Both Spurrier and Mullen are of the opinion that Ohio State's quarterback pool should dwindle from three to two. Spurrier supports the idea that Braxton Miller should switch positions, given the shoulder problems that have plagued him the last few years, and having seen what J.T. Barrett and Cardale Jones are capable of on college football's biggest stage.

"It's just great to see their excitement, and with their disabilities, how competitive they are. They like to catch touchdown passes and you can see they have the pride to succeed."

Jim Karsatos, former Ohio State QBvia The Dispatch's Tim May

Current and former Ohio State football players showed their love for the community on Thursday, hosting the Special Skills Football Invitational at the Horseshoe. The third annual event (though this was the first year it was held at Ohio Stadium) brought in 240 "differently-abled" campers of all ages. They got to run drills on the field, catch touchdown passes, and according to May, were "encouraged" to engage in enthusiastic TD celebrations.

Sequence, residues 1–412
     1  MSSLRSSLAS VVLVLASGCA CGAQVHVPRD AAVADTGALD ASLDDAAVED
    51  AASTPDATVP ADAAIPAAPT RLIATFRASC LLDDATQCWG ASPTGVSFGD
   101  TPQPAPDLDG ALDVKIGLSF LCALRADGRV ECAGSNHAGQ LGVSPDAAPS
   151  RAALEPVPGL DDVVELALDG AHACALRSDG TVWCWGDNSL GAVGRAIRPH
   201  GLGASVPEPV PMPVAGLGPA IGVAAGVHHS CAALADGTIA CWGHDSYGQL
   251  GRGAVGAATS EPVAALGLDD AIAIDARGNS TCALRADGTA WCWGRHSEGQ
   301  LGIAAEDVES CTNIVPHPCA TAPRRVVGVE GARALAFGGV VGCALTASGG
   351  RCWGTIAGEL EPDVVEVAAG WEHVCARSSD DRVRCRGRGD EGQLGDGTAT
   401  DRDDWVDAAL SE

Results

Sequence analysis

Jim Karsatos, who threw touchdown passes to Cris Carter during his OSU career, led QB passing drills with the campers on Thursday. The Special Skills Invitational also featured a number of current Buckeye players, including Tyvis Powell, Sean Nuernberger, Bryce Haynes, and Vonn Bell. Coach Urban Meyer expects his players to engage with the community by participating in outreach events like this throughout the year, but according to May, this was nothing new for Bell, who has been volunteering with programs like the Special Olympics since he was in high school.